This leads us onto our third point which is that the state, or rather the people who can be said to form it, are a minority of the citizenry. This is necessarily so because, as a parasitic entity, it is simply not possible for the state to be comprised of the majority. Contrary to popular belief no state has ever retained power as a result of force alone; rather, the state’s sustenance is dependent upon at least the tacit acceptance of the majority of the citizenry. Although the fear of force may constitute a reason for that tacit acceptance, generally the state has to ensure that its subjects are kept within the confines of a basic degree of contentment – that even if they may mumble and groan about the state’s inadequacy in this, that or the other, there is no pressing reason to upset the apple cart. The collapse of the Soviet communism, the Brexit vote and, we might suggest, the election of Donald Trump are instances of when such contentment with the status quo was exhausted in the minds of at least a significant proportion of the population. The end of the Soviet Union led to a markedly different political set up in Russia and Eastern Europe; we are yet to see the full consequences of the other two events. But when the people do decide to support a particular direction and to exert its independence with ferocity then the state has no choice but to yield.

This bumbling, bloated nature of the state is indicated by a joking phrase apparently made by the industrialist Charles F Kettering – “Thank God we don’t get as much government as we pay for”. Indeed, if all of the wealth and resources that the state commands were actually put to use effectively and efficiently then it would truly be a terrifying and formidable obstacle. Unfortunately, however, it is also summed up by what we might call, informally, the “cock up theory of history” – that, rather than great leaders and stewards shaping the world’s events in order to enhance humanity, anything significant that happens in the course of history is more attributable to a series of accidents and mishaps that just happen to have had widespread consequences. And it is here where the true danger of the state may perhaps lie.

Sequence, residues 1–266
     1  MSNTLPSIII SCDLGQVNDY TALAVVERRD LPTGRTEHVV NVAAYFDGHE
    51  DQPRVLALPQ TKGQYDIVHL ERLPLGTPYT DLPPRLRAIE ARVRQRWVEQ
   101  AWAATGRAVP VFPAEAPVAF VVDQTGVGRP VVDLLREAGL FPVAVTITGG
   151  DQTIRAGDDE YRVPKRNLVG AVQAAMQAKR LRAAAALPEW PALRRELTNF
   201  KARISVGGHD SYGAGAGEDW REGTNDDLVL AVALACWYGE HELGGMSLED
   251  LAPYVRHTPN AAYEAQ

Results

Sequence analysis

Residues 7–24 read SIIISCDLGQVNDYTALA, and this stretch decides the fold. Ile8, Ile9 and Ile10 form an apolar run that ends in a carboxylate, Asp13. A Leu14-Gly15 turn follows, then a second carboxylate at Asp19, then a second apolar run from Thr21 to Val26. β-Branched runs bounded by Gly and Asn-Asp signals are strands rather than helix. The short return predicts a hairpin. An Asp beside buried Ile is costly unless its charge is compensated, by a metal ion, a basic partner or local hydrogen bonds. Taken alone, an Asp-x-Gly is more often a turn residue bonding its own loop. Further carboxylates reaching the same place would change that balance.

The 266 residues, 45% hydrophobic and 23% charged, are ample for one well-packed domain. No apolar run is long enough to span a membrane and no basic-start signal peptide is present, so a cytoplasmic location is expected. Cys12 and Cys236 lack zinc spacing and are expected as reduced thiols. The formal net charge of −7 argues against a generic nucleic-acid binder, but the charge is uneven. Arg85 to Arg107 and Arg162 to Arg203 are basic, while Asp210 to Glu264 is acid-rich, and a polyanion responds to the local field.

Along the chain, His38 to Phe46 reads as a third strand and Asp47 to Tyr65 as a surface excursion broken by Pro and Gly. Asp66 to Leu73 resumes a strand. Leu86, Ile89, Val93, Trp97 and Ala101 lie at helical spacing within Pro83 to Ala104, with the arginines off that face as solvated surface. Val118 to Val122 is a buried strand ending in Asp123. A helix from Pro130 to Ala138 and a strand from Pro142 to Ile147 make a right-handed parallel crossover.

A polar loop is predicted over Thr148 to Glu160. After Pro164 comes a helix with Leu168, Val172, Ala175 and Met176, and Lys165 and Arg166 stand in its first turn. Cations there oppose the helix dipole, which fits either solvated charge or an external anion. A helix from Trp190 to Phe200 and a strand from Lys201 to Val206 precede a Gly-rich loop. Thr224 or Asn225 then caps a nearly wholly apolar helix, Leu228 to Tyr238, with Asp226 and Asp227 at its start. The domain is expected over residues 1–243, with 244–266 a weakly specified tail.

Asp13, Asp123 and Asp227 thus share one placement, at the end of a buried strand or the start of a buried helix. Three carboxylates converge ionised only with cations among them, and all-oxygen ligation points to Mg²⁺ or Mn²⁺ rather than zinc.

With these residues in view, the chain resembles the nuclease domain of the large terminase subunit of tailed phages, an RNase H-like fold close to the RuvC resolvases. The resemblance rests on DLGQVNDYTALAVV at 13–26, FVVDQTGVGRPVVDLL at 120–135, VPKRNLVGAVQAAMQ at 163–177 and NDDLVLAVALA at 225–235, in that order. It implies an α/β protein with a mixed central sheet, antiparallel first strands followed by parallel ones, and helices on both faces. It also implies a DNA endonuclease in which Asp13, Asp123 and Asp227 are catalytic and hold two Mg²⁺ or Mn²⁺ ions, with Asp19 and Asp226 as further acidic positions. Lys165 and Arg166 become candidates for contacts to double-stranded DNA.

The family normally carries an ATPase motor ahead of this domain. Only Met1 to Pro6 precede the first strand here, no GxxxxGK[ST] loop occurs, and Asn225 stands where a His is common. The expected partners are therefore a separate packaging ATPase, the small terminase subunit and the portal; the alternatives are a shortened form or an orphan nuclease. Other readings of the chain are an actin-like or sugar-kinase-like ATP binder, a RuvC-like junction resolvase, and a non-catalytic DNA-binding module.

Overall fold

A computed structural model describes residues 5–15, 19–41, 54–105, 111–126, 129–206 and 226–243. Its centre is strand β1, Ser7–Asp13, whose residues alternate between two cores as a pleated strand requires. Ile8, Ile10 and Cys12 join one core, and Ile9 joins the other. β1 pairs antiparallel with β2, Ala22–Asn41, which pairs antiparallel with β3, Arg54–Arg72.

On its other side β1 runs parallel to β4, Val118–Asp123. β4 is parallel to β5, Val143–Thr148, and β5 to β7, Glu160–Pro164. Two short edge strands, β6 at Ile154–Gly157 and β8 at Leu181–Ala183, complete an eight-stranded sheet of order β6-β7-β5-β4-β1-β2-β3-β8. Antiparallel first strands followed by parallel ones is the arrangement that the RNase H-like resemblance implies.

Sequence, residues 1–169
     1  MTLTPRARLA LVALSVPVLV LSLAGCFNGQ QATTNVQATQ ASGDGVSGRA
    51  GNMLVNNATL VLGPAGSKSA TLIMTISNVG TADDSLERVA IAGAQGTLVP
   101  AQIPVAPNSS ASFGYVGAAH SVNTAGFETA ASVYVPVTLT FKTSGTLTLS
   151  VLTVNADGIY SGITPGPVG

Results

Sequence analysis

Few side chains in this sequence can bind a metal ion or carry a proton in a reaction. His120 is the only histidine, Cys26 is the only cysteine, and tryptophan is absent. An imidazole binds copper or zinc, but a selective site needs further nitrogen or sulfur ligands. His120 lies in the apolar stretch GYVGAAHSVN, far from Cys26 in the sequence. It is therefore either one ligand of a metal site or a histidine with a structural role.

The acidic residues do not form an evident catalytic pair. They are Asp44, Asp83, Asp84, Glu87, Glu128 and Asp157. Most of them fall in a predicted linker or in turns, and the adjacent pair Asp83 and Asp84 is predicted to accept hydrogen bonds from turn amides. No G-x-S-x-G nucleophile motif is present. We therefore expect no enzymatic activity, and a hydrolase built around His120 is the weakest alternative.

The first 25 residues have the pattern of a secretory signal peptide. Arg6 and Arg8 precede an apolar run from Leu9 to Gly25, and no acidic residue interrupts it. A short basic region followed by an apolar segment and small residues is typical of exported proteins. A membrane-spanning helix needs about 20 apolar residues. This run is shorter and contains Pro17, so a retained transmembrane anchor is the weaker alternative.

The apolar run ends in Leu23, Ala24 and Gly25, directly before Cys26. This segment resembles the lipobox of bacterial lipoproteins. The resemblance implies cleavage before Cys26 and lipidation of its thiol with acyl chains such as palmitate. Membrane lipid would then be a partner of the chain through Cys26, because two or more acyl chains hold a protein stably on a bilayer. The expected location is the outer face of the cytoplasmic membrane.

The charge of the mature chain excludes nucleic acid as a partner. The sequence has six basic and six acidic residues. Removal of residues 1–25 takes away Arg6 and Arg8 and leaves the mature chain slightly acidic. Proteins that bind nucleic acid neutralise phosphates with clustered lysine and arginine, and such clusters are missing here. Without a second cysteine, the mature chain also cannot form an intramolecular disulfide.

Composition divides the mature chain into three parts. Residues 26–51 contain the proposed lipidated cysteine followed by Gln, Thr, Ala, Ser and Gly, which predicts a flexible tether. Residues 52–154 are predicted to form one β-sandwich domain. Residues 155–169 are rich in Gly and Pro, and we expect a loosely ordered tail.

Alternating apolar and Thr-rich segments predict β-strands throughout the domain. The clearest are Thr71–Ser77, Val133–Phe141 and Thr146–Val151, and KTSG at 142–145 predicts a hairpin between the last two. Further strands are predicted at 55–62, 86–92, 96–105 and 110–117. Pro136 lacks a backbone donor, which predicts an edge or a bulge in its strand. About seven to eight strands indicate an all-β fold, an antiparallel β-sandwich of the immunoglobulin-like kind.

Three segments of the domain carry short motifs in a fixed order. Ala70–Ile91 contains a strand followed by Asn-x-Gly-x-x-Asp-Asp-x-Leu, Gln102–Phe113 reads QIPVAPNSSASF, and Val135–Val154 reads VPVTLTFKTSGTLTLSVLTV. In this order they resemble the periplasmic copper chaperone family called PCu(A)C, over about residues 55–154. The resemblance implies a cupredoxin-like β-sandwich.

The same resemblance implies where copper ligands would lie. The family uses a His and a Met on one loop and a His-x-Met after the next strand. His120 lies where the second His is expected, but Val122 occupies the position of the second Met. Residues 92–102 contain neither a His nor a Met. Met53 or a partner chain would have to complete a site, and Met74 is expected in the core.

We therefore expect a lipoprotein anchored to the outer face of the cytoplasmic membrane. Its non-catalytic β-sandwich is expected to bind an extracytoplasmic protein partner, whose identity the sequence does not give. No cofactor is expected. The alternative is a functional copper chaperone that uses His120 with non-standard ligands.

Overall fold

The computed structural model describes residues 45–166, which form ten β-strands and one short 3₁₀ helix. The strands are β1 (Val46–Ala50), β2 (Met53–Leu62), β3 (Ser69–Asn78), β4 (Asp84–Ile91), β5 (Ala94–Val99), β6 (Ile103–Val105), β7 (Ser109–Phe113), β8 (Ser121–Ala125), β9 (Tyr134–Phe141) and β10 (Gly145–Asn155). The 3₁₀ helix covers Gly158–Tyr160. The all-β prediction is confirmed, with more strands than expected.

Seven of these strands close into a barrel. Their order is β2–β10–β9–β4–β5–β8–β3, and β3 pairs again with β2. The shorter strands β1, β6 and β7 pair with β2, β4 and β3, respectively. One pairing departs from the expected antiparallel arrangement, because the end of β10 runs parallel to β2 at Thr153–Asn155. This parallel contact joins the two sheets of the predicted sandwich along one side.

One of the most infamous of these incidents occurred in 1983 at the height of the cold war when the Soviet nuclear early-warning system reported the launch of intercontinental ballistic missiles from the United States. The Soviet officer monitoring the system at the time, Stanislav Petrov, believed the warnings to be the result of a system malfunction – a belief which was verified subsequently by inspection of the system. His refusal to act on the false warnings prevented a Soviet retaliatory attack which would have almost certainly elevated the cold war into a full scale nuclear holocaust. In other words, the complete annihilation of human existence was averted by the prudential actions of a single individual who refused to trust his government issued equipment. When the state today still handles so much and handles it so badly the possibility of a grave mistake going the other way is very serious indeed – and all the more so when belligerent tensions are again reaching new highs. Indeed, a not too dissimilar incident occurred in Hawaii this month when a missile attack alert was broadcast publicly, sending the citizenry into a panic for the best part of an hour – all because a state lackey “pressed the wrong button”. It is for this reason more than any other that the state should be regarded as dangerous. So much power in the hands of so few people is at risk of one them making a simple error, rather than at the risk of that same person acting with evil intentions. As awesome as the state may be we have more to fear from its stupidity than from its ingenuity.

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National Defence and Just Wars